EU Reaches Initial Agreement for World-First Green Tariff on Climate-Polluting Goods
The EU has reached a provisional agreement to institute the world’s first green tariff system.
According to the deal reached Tuesday in Brussels following a negotiations all-nighter between the European Parliament and EU member states, the bloc will impose tariffs on the imports of carbon-intensive products like steel and fertilizers, as Reuters reported.
“The agreement is a world first,” European Parliament environment committee chair Pascal Canfin said, as The Guardian reported. “For the first time, we are going to ensure fair treatment between our companies, which pay a carbon price in Europe, and their foreign competitors, which do not. This is a major step that will allow us to do more for the climate while protecting our companies and our jobs.”
The idea behind a green tariffs system is to make it easier for industries within a given country or trade bloc to decarbonize without facing competition from foreign industries that are not spending the money to reduce emissions, as The Guardian explained further. Without the tariffs, a company that tried to make low-carbon steel, for example, might lose out to a company that did not, more conventional steel would be purchased and emissions overall would not decrease.
The provisional European agreement, known as the Carbon Border Adjustment Mechanism (CBAM) is designed to protect European companies that strive to meet the bloc’s environmental goals and make sure their efforts lead to fewer emissions worldwide. The EU is working to reduce its greenhouse gas emissions by 55 percent of 1990 levels by 2030, according to Reuters.
The CBAM will require both EU and non-EU companies to purchase certificates covering the carbon dioxide emissions of their products. Currently, EU companies are granting polluting permits for free to help them compete, but this policy will end as the tariff comes into force. Foreign products could be exempt from the tariff if their countries have climate laws similar to the EU’s.
“The Carbon Border Adjustment Mechanism is a key part of our climate action,” Czech Republic Minister of Industry and Trade Jozef Síkela said in a statement on the European Council website. “This mechanism promotes the import of goods by non-EU businesses into the EU which fulfil the high climate standards applicable in the 27 EU member states. This will ensure a balanced treatment of such imports and is designed to encourage our partners in the world to join the EU’s climate efforts.”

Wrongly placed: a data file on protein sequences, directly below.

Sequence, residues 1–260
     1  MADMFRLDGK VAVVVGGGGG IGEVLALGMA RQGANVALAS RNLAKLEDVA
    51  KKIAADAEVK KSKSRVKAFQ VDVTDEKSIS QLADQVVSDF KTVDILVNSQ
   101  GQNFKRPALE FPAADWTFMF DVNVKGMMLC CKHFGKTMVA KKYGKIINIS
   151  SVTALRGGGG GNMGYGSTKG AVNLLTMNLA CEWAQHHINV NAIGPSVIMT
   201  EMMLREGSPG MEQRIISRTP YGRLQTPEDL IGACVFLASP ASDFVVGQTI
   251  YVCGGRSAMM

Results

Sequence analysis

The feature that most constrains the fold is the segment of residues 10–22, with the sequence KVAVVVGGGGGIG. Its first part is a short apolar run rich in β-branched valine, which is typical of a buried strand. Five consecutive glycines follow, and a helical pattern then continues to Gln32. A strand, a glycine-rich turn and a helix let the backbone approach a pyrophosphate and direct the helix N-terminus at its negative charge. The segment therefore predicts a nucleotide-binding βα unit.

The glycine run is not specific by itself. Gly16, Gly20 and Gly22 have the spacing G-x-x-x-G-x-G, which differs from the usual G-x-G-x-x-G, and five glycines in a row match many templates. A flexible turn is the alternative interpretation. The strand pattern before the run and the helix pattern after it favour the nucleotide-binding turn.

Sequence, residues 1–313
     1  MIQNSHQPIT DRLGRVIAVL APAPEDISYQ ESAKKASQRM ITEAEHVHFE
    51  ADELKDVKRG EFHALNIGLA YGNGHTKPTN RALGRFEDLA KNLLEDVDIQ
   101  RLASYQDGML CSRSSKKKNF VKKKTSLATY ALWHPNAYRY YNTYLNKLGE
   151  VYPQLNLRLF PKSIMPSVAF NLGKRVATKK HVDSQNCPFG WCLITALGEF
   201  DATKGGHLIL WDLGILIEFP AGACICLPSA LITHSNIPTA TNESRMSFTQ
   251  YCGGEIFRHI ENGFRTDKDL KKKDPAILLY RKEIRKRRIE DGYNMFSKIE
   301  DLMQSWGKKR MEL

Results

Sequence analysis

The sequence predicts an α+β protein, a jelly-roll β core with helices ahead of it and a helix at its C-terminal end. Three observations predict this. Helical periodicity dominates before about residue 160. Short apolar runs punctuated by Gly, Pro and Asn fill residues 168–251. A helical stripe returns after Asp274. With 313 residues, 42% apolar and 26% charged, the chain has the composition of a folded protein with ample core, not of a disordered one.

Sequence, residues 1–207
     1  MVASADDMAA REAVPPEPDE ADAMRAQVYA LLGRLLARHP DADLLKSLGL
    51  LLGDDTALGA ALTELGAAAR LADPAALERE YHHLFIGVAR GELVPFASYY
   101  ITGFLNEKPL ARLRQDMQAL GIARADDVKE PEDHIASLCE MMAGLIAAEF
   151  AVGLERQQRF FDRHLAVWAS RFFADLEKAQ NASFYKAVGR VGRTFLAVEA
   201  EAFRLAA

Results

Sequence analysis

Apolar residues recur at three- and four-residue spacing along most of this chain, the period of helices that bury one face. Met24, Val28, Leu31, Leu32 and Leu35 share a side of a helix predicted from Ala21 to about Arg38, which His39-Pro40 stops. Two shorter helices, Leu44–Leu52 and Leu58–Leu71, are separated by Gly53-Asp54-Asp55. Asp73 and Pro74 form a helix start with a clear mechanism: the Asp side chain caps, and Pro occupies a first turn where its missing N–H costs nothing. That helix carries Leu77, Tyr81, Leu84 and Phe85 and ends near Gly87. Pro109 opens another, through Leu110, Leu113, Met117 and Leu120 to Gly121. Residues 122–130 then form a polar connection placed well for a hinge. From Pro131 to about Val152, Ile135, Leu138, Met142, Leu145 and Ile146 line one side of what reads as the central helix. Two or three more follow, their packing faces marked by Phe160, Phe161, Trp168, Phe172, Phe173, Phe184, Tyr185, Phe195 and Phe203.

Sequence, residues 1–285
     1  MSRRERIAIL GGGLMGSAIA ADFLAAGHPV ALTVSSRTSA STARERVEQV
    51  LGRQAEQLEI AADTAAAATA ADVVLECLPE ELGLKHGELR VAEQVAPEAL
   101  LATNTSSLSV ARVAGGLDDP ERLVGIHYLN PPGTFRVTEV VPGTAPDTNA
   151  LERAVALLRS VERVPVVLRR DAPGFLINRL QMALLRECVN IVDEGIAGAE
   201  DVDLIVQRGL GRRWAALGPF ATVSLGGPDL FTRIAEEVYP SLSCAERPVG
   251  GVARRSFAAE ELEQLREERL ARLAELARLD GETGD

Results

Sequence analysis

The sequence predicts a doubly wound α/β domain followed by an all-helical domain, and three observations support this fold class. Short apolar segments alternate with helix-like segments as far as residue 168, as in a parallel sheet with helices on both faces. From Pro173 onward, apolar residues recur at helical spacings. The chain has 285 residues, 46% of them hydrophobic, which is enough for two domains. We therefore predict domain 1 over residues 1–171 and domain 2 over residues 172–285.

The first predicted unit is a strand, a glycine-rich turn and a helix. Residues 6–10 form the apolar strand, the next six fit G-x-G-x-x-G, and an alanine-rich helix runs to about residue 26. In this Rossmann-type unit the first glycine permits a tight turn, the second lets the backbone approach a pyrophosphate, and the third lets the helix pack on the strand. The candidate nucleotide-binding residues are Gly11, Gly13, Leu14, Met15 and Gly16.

The provisional agreement on the CBAM still needs to be verified by both EU member state ambassadors and the European Parliament and then formally adopted. The preliminary plan is for it to go into effect beginning in October of 2023. It will be implemented in stages. First, companies will simply have to report the emissions of their products before the tariffs gradually kick in. The first products subject to the CBAM will be iron and steel, cement, fertilizers, aluminum, electricity and hydrogen.
The measure is likely to impact countries that export lots of carbon-intensive products including Turkey, China, India and Australia, The Guardian noted. While Russia’s heavy industry already faces EU sanctions because of the invasion of Ukraine, it could be further impacted by the tariffs.
The move has already faced criticism from equality advocates who argue that the EU is penalizing countries who have historically contributed less to the climate crisis.
“Europeans are responsible for double the carbon emissions as the poorest half of the world. Yet, the EU just agreed to pass the buck to those least responsible by forcing them to pay a tariff despite being hardest hit by the climate crisis. EU countries did not even accept to channel revenues to climate finance funds,” Oxfam EU tax expert Chiara Putaturo said in a statement. “The EU and EU countries need to increase climate finance funds, especially now that poor countries are going to bear the cost of the carbon tariff.”